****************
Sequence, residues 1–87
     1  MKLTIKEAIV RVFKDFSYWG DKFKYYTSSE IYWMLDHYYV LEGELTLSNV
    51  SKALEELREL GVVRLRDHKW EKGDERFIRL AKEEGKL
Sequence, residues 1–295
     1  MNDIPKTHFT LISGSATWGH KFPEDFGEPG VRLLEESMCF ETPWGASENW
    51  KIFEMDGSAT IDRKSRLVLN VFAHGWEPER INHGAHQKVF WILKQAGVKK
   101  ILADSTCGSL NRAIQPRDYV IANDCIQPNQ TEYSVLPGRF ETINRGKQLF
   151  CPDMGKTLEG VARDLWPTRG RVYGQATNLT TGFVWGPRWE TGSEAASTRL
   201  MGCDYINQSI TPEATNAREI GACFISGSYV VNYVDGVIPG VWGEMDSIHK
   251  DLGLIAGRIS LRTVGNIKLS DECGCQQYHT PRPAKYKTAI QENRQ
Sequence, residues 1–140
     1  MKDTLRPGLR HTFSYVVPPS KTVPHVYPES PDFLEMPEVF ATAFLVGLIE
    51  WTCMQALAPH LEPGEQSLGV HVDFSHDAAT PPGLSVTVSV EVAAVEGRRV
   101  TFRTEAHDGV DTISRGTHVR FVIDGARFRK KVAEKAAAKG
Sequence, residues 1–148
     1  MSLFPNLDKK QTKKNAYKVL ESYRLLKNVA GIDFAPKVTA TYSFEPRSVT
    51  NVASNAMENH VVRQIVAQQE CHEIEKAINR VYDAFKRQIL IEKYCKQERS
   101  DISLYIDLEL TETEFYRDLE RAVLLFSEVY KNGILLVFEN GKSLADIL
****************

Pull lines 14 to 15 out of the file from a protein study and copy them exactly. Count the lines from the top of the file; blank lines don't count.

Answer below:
   101  TFRTEAHDGV DTISRGTHVR FVIDGARFRK KVAEKAAAKG
Sequence, residues 1–148